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File descriptions

This is a technical article aimed at people with working knowledge of navigating files on their computer.

When MultiBit runs, it creates various files on your computer. This help section describes what each of these files is for.

Installation directory

The installation directory is where you installed MultiBit. No configuration files or wallets are stored there normally.

If you chose the default installation options, you will find the MultiBit application in one of the following locations:

  • Windows (7,8) - C:\Program Files\MultiBit HD
  • OS X - /Applications/MultiBit HD

Application directory

The application directory is where MultiBit will store your configuration and wallets. This allows you to safely upgrade MultiBit without worrying about deleting important data.

In the following section [EXAMPLE] is used to indicate an environment variable called "EXAMPLE". Environment variables are used to provide common starting points for directories. If you have an unusual set up you may need to refer to these to locate where MultiBit has placed its application directory. Open a "command prompt" or "Terminal" and type "set" or "export" to see a list of them.

Before exploring environment variables, try one of the following locations.You may need to enable hidden directories.


  • [APPDATA]/MultiBitHD. Windows (Vista,2008,7,8): C:\Users\example\AppData\Roaming\MultiBitHD
  • [APPDATA]/MultiBitHD. Windows (XP and below): C:\Documents and Settings\example\Application Data\MultiBitHD


In OS X the user Library directory is normally hidden. Follow the show hidden files instructions to reveal it in the Finder.

  • [user.home]/Library/Application Support/MultiBitHD. OS X 10.5+: /Users/example/Library/Application Support/MultiBitHD


In Linux the user home directory is normally hidden due to the leading ".".

  • [user.home]/.MultiBitHD. Ubuntu/Debian: /home/example/.MultiBitHD

Contents of application directory

Here is a list of the files that MultiBit uses:

  • mbhd.yaml - Contains general preferences and configuration information (theme, exchange etc).
  • mbhd.checkpoints - A Bitcoin checkpoints file, used when syncing your wallet.
  • mbhd.spvchain - A Bitcoin block store, used when syncing your wallet

Application logs

All logs are stored in plain text in the logs directory as follows:

  • multibit-hd.log - This is the latest log
  • multibit-hd-[timestamp].zip - This is a ZIP of an old log

Log files are automatically deleted after 14 days and all times within are in UTC. At present MultiBit is not configured to automatically log to syslog.

The log files are extremely useful for debugging and are included in an error report upload. In rare circumstances you may may be asked by a member of MultiBit support staff to search your logs as part of an investigation into an Issue that you have raised with us. The procedure for this search is as follows:

  1. Create a new blank text document using the standard text editor for your system (e.g. Notepad, TextMate, gEdit etc)
  2. Locate multibit-hd.log on your system (it may be in a hidden folder)
  3. Use your text editor to open it
  4. Search for "stack_trace" (no quotes) using the editor's search tool
  5. Copy a few lines before and after the big block of technical info if found
  6. Paste these into the blank text document you prepared earlier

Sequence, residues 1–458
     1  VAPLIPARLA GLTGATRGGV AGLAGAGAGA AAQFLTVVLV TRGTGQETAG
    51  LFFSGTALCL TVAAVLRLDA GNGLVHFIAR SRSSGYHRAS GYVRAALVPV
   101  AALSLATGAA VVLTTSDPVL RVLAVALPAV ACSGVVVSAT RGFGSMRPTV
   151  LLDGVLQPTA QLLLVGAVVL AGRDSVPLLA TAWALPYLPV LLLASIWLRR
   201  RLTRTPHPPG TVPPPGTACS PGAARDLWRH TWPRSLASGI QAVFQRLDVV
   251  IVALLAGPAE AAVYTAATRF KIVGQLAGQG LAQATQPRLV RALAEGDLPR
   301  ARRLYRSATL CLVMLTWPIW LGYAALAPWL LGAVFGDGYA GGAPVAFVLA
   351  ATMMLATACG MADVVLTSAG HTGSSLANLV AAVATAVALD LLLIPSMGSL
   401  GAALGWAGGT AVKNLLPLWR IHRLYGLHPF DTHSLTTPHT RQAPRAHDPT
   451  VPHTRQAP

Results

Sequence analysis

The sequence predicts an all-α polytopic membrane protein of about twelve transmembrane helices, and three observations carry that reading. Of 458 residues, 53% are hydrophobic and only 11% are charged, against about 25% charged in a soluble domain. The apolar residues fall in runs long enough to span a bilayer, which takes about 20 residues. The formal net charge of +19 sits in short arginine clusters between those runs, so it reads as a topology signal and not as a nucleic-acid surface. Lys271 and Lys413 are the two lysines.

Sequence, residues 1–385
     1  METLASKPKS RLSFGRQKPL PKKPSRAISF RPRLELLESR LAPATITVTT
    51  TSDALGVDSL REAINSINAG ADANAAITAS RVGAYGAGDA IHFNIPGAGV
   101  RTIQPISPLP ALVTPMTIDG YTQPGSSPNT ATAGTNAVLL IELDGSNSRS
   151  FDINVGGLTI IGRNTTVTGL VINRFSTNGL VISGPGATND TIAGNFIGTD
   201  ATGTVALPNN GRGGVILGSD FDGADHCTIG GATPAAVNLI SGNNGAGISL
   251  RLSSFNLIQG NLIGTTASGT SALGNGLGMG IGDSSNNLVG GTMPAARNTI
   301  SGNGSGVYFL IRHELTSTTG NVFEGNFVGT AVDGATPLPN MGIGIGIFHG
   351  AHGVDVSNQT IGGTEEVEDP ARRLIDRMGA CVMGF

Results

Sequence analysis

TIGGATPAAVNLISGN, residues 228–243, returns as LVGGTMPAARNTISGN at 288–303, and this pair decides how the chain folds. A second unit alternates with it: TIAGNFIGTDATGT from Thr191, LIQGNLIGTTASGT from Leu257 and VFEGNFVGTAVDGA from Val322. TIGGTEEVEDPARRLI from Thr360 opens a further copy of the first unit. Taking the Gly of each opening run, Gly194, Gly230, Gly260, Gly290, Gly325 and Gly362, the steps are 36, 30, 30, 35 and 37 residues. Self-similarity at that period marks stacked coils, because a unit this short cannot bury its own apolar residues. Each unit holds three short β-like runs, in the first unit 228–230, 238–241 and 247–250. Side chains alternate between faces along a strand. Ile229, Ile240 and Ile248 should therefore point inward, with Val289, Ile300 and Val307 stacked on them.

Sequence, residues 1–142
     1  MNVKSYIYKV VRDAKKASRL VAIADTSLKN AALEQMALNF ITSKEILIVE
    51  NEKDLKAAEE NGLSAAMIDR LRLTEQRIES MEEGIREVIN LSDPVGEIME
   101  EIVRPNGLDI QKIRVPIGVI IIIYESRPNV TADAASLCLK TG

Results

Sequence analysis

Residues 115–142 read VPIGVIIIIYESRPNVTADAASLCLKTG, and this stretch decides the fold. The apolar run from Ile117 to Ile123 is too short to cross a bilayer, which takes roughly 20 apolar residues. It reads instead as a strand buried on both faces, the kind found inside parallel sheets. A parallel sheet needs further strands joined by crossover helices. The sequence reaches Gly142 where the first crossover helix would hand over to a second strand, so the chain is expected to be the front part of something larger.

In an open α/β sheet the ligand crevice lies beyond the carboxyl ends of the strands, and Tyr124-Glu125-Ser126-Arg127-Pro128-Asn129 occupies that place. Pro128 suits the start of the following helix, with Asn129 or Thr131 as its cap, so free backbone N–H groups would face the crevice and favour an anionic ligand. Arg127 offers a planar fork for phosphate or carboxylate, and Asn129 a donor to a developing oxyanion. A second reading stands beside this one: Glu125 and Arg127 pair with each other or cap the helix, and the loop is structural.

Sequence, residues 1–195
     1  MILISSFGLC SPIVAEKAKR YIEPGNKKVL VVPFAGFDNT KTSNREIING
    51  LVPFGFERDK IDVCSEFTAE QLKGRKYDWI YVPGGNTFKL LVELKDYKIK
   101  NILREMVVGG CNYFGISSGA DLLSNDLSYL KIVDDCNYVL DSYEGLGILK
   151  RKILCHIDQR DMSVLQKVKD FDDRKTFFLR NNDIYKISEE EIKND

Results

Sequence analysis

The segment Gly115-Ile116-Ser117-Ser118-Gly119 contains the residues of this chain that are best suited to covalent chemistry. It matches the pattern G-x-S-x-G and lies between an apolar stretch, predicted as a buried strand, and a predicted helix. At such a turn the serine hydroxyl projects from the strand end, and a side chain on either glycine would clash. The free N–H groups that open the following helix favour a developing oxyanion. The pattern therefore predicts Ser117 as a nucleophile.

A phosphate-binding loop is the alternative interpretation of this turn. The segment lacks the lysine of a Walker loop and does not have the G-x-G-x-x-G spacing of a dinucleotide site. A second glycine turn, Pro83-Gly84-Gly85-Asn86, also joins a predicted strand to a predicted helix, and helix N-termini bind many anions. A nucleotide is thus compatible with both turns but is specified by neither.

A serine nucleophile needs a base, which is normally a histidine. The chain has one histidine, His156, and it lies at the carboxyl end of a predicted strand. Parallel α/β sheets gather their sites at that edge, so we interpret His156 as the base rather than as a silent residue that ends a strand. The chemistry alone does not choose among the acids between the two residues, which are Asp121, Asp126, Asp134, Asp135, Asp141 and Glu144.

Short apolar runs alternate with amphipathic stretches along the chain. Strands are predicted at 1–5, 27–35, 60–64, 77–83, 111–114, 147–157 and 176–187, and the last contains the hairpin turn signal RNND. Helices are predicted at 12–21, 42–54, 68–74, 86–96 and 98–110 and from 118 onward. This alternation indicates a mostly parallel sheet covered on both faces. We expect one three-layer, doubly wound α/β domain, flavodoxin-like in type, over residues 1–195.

7. Return to the log and attempt to locate another "stack_trace" and repeat the copy/paste until all are covered
  8. Return to our Issue database on GitHub and paste the stack traces into your Issue. We'll tidy them up as necessary.


All wallets are stored encrypted in directories of the form mbhd-[some long number] as follows:

  • mbhd.wallet.aes - This is the main wallet file containing your private keys and transactions.
  • contacts.aes. In the ‘contacts’ directory is stored a file ‘contacts.aes’. This contains your contacts information.
  • payments.aes. In the ‘payments’ directory is stored a file ‘payments.aes’. This contains your payments information.
  • rolling-backup. In your rolling backup directory you will see files with the name ‘mbhd-YYYYMMDDHHMMSS.wallet.aes’. These are rolling wallet backup files. Every time the wallet writes to disk, the existing wallet is kept as a backup. The main purpose of this file is to recover from any sudden loss of power that prevents a clean wallet save. The last four rolling backups are kept.
  • zip-backup. In the directory ‘zip-backup’ are stored encrypted zip copies of all the files in your wallet directory.

If you have a cloud backup directory set for your wallet, the local zip backups are regularly copied to your cloud backup directory.

Troubleshooting file problems

Occasionally people make changes to the application directory in error. Here are some helpful tips to assist in recovery.

I've accidentally deleted something!

Don't worry. So long as you have your wallet words you can recover your bitcoins. See "Restoring a wallet" for step by step instructions to recover.

First try to simply Undo the delete (use CTRL+Z if it's the most recent thing you did) or fish around in your Recycle bin. If you've only just discovered the problem then assess the impact below.

Deleting different files/directories will have different impacts:

  • logs directory - No problem. MultiBit will simply create new logs when it next starts
  • mbhd.yaml file - You'll need to work through the welcome wizard but you can select "Use an existing wallet" when prompted
  • mbhd.checkpoints file - Synchronization will take a very long time, it is best to re-install MultiBit
  • mbhd.spvchain file - Synchronization will take a long time based on how old your wallet is
  • mbhd-[some long number] directory - You've deleted a wallet. Refer to "Restoring a wallet" for step by step instructions to recover.

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